One does not pick olives the way we pick berries, plucking them one by one off a bush that is willing to let them go. One shakes olives, combs olives out of a branch with a thick plastic fork. One rakes olive branches between one’s fingers, the coarse leaves leaving hands tingling, each handful of oblong green marbles a new treasure to be dropped onto the tarp below. The olives shaken from the high branches bounce with soft thuds off the backs of the harvesters on the ground. A massage of olives falling on your back feels like the first swollen raindrops in a tropical storm, but leaves you dusty and dry. Perched in the highest branches, my legs stretched in strange directions as I reached out to grap an elusive cluster of fruits.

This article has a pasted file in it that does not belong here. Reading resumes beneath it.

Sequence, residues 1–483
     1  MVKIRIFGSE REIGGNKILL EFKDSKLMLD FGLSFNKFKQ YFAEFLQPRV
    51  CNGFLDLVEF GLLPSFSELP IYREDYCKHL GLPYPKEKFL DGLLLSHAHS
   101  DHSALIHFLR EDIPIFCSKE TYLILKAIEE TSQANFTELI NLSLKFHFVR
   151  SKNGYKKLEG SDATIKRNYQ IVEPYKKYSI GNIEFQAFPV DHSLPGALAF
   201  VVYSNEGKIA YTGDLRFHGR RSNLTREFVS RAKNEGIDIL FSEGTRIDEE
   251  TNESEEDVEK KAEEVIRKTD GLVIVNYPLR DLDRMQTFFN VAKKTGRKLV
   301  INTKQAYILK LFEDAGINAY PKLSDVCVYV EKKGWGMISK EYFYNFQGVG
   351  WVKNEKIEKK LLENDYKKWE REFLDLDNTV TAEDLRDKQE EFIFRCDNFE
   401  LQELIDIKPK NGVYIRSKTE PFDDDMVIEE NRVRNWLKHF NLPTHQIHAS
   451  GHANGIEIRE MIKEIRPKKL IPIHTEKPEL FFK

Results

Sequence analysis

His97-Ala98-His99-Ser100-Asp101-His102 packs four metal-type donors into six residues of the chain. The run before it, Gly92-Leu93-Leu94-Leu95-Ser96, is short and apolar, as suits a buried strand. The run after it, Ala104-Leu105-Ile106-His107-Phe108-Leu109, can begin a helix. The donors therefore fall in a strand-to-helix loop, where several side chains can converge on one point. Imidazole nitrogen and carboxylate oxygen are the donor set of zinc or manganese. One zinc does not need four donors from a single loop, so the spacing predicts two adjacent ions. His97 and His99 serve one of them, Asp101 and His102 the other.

At lunch in Jamal’s field, we sat around one of the Here We Agree to Peace tarps and were treated to humus with olive oil from the very trees around us, falafel and pita, tomatoes, cucumbers, freshly fried potatoes and scrambled eggs. As we ate off communal plastic plates with our fingers, I asked Jamal in Hebrew to tell me more about his fields. He speaks much better Hebrew than I do, but I was able to follow that these fields have been in his family for generations, that he learned recipes for zatar from his mother, that the young people harvesting with us were his three boys and one girl, and that he had two other daughters. Looking into his weathered face, straining to understand him speak in a language that was not either of our native tongues, the Israeli/Palestinian conflict faded. A human being was in front of me, someone whose trees had already pulled me into their orbit, someone whose children sat across from me eating potatoes with their greasy fingers, someone who knew and loved this land.